Brazil’s Author Paulo Coelho Talks About His Love for Islam

Brazil's Paulo Coelho Paulo Coelho, the Brazilian writer who took the world stage with his thundering book The Alchemist, the source of inspiration for many around the world, told Syria's leading English-speaking magazine, Forward, his writings were influenced by the Sufi traditions of Islam.

Coelho made his debut in a Syrian media outlet last March, emphasizing his great admiration of Sufi figures, such as the famed Sufi dervish and love poet, Jelaluddin Rumi.

"Indeed, Sufism has inspired me a lot throughout my life and I refer to this tradition in some of my books such as The Alchemist and more recently The Zahir. Rumi is of course the first figure that springs to mind. His teachings and visions are incredibly subtle and clear," Coelho told Sami Moubayed, the Syrian political analyst and editor-in-chief of Forward Magazine.

Sufism, being the mystical order of Islam, is a natural part of Syrian life, with dervishes and Sufi Sheikhs from around the world considering Damascus as their spiritual center and homeland.

Mostly populated by followers of the Naqshbandi order, Damascus is home to the tomb of Ibn Arabi, the widely studied Sufi leader and author of the Meccan Revelations, celebrated by Western scholars as one of the most enigmatic publications to date.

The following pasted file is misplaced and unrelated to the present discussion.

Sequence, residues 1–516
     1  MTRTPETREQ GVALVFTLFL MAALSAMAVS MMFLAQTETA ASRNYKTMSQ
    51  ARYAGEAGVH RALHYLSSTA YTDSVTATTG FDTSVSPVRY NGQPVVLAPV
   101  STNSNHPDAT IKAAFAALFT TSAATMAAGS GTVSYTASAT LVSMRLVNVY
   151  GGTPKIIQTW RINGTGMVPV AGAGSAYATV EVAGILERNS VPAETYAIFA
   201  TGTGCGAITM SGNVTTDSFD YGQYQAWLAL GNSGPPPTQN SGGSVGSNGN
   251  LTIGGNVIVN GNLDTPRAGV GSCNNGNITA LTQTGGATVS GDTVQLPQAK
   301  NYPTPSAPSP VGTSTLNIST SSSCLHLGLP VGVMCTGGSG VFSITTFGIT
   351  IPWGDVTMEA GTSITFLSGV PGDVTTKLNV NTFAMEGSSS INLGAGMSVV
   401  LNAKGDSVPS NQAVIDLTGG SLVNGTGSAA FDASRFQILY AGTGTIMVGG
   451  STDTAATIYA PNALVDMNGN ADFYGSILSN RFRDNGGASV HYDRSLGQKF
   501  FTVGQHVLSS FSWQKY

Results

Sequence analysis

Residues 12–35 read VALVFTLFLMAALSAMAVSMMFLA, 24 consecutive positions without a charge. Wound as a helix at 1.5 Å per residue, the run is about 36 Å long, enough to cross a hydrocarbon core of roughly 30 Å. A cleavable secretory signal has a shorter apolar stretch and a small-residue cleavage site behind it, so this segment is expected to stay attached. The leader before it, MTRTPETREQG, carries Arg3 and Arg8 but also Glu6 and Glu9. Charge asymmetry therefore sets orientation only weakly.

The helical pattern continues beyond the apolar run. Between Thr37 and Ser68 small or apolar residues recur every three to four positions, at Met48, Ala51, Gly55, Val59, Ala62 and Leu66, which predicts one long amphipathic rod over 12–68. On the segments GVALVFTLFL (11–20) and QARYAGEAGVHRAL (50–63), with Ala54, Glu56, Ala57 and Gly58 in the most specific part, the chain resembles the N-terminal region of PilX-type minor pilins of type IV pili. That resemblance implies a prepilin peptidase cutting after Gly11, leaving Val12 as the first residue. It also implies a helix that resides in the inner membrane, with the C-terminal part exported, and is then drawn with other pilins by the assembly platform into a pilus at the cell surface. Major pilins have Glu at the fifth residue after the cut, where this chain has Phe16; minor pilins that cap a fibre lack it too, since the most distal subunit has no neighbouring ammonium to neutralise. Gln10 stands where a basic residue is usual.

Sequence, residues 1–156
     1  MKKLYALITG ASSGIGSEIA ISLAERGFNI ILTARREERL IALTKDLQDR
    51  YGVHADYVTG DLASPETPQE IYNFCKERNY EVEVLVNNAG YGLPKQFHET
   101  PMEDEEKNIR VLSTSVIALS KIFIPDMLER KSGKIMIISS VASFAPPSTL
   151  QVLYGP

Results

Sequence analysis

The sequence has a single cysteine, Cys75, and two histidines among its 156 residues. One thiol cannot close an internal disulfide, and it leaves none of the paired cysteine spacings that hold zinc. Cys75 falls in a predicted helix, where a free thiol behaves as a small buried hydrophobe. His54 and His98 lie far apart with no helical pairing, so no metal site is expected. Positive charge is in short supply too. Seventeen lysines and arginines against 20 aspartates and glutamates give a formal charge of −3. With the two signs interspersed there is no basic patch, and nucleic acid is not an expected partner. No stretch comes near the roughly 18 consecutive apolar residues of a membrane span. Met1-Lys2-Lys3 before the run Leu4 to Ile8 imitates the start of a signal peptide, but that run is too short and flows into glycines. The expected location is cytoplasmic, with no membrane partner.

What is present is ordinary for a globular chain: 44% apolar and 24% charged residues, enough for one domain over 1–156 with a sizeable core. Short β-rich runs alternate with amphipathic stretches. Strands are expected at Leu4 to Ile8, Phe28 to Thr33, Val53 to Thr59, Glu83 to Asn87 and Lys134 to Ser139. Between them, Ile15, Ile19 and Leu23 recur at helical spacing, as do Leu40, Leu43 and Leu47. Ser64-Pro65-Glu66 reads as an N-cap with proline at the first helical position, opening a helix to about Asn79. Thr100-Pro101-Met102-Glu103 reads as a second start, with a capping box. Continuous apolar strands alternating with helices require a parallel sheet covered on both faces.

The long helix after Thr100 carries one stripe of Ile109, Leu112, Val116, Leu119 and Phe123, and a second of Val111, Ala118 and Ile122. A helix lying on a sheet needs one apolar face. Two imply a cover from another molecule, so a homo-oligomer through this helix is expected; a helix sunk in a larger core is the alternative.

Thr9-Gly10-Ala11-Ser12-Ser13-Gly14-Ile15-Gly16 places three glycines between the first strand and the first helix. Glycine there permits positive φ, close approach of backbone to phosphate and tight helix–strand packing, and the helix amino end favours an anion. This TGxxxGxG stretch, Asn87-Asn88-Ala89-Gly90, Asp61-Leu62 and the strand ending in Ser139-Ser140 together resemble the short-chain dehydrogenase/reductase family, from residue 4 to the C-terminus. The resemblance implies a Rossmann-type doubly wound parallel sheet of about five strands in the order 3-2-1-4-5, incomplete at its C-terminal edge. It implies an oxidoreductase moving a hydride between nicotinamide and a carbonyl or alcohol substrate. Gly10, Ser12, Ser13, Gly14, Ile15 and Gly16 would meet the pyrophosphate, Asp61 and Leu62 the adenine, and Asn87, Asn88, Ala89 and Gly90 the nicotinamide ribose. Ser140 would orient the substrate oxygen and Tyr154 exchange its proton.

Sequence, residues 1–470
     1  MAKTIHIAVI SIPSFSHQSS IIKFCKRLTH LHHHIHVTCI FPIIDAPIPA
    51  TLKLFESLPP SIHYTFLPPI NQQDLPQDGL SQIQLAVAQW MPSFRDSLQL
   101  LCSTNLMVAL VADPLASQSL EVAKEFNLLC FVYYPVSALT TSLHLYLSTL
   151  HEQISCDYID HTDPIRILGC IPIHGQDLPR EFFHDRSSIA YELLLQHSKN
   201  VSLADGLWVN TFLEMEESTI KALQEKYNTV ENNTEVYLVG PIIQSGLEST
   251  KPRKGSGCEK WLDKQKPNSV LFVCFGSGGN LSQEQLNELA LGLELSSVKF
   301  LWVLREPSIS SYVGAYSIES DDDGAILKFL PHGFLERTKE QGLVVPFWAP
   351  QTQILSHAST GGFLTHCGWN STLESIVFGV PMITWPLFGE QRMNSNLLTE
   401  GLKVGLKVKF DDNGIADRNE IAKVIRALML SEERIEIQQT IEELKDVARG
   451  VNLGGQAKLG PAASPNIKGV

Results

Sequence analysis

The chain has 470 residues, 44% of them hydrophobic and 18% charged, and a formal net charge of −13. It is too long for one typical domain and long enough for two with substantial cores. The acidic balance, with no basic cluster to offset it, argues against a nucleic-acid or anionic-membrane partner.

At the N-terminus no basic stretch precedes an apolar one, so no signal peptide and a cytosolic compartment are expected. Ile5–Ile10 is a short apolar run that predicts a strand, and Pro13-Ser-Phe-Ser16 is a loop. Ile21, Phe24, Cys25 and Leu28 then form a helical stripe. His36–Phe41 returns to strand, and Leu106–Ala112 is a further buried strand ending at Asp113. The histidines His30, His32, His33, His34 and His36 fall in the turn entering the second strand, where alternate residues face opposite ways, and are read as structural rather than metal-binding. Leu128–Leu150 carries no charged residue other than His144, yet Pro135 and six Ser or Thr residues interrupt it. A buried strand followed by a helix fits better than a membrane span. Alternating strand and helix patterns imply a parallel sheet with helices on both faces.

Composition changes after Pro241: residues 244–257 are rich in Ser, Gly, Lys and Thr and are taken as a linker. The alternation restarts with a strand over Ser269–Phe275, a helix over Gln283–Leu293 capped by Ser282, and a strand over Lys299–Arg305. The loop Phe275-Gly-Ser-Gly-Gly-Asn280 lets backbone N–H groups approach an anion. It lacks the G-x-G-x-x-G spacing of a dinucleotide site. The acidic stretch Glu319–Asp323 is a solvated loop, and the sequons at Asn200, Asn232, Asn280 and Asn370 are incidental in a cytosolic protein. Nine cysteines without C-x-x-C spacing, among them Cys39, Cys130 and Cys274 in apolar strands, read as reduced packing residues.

Sufism is a non-violent spiritual path towards understanding man's relationship with God and his/her fellow human beings, through the power of Love. Most of Syria's Muftis (Religious Leaders appointed by government) are Sufi.

Coelho also revealed that the Arab character (Sharine Khalil) in one of his recent novels is inspired by a real person, from whom he weaved the threads of a story he was longing to tell; referring to it as the "feminine side of God."

Coelho said he believed that the strength of influencing people comes from the freedom contained in each one of us – whether Muslim, Arab, Western or Latin.

When writing the Alchemist, Coelho was under the influence of Spirituality, which in his opinion came from curiosity. He believes that whether you like it or not life itself is a pilgrimage, a concept widely shared by Sufi thought and approach.

The interview with Coelho appears in Forward Magazine's issue of April 2009.

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